Over the past year – and in the wake of the pandemic and its sweeping workplace changes – Monster has spent some time reinventing itself for a new professional audience.
Head to the site’s career advice blog and you’ll find an increasing number of articles covering pertinent topics like mental health and wellness, attracting Gen Z candidates and unionization. That’s a smart move on Monster’s part – younger people are more likely to be looking for more jobs right now, more likely to be aware of mental health initiatives in their companies, and more likely to consider union membership. These articles mean they’re more likely to use Monster.
Monster’s blog pivot doesn’t just make for good reading. If you’re an employer or hiring manager and you want to make a concerted effort to hire younger staff members, then it may be smart to rely on Monster a little more – the site clearly has its finger on the pulse of this portion of the workforce.
Monster doesn’t have any surprising features – or, indeed, the biggest range of features at all. It does have one of the biggest jobs databases going, though, which means you’ll be able to find roles in any industry and at any level. Most other sites can’t boast a database that’s this extensive. If you’re a job seeker at any stage of your career then it’s a great option and should be near the top of your list simply because of its sheer size.
It’s easy to use: search for your desired job and location and you’re instantly confronted with a lot of leads. And it’s free, unless you want to pay for the resume or cover letter services.
On the recruitment front, Monster’s size impresses here too, and it gives hiring managers access to a broad range of candidates. Monster has also made a concerted effort to appeal to younger workers and address newsworthy issues, which bodes well for attracting a younger and more diverse range of job-hunters.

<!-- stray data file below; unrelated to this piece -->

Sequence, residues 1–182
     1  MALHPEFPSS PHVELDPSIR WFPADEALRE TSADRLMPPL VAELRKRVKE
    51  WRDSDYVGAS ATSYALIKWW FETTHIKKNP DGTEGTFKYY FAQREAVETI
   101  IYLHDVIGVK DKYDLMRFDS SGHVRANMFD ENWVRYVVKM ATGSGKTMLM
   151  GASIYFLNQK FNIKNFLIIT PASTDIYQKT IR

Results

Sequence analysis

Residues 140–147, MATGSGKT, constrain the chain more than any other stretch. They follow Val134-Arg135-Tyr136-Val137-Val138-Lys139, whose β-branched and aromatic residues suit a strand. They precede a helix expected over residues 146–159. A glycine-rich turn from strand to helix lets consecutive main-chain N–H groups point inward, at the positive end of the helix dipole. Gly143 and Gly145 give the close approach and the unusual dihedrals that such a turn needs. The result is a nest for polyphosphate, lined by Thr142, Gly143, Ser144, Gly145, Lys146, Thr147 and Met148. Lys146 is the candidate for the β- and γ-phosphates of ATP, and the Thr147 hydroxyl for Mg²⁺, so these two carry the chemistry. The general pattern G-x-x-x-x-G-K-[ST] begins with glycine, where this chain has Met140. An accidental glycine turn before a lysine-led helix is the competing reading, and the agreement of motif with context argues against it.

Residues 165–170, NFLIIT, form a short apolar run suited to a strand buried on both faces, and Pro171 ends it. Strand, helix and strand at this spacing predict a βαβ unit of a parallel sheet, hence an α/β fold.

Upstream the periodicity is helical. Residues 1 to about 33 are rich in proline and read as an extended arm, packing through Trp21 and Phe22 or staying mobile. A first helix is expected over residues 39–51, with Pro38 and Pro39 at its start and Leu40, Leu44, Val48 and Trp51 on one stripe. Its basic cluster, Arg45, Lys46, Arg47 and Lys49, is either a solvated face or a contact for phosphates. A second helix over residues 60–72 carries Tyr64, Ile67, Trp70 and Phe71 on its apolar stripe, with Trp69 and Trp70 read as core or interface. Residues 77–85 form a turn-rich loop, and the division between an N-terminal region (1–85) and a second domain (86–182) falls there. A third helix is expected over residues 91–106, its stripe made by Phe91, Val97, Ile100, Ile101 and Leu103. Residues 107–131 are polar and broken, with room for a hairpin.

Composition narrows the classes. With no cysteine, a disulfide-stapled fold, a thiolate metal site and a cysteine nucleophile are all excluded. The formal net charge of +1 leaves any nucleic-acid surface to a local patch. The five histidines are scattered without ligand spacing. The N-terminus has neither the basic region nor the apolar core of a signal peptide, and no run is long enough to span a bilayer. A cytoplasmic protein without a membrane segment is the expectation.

Monster certainly does have issues thanks to a lack of features and detail in some areas. However, it makes up for that with a modern focus, and its sheer size makes it a worthwhile option for job seekers and employers.
How does it compare?
Monster vs Craigslist
Monster has a high standing 7.6 overall rating, while Craigslist only averages 3.8 in overall review rating.
Features: Despite low ratings, Craigslist remains to be one of the simplest, most cost-effective, and most efficient job boards around. Its reach is as wide as 70 countries and over 700 cities in the past decade. It’s simple, easy to use, targets users by location, and has sites for major U.S. cities like Atlanta, Phoenix, San Francisco Bay Area, Seattle, and more.
Monster is known for being a global leader in connecting international jobs to people by distributing job posts across hundreds of local news sites, sending candidates job alerts, additional branding tools, flexible posting options, and social media visibility, among others.
Pricing: You can choose from their comprehensive plans that charge $299 to a hefty $649 per month. The Starter plan for $299 lets you have one job post and 50 resume views. The next plan called Standard costs $399 per month and lets you have up to three job posts and view 150 resumes. The highest plan for $649 is called Premium and gives you up to five job posts and 250 resume views.
Unlike Monster, you won’t find plans with Craigslist. Each job post will have corresponding charges depending greatly on geolocation. Targeting audiences is generally what you’ll be paying for with each job post, with categories charging between $10 and $75. Browsing for resumes on Craigslist is free.
Conclusion: Small businesses who don’t often find themselves filling in positions are likely to prefer Craigslist. Apart from their affordable rates, Craigslist doesn’t charge for resume views, and they’re easy to look up.
Monster vs LinkedIn
Monster’s overall rating is strong at 7.6, while LinkedIn has just as strong 6.7 overall average rating.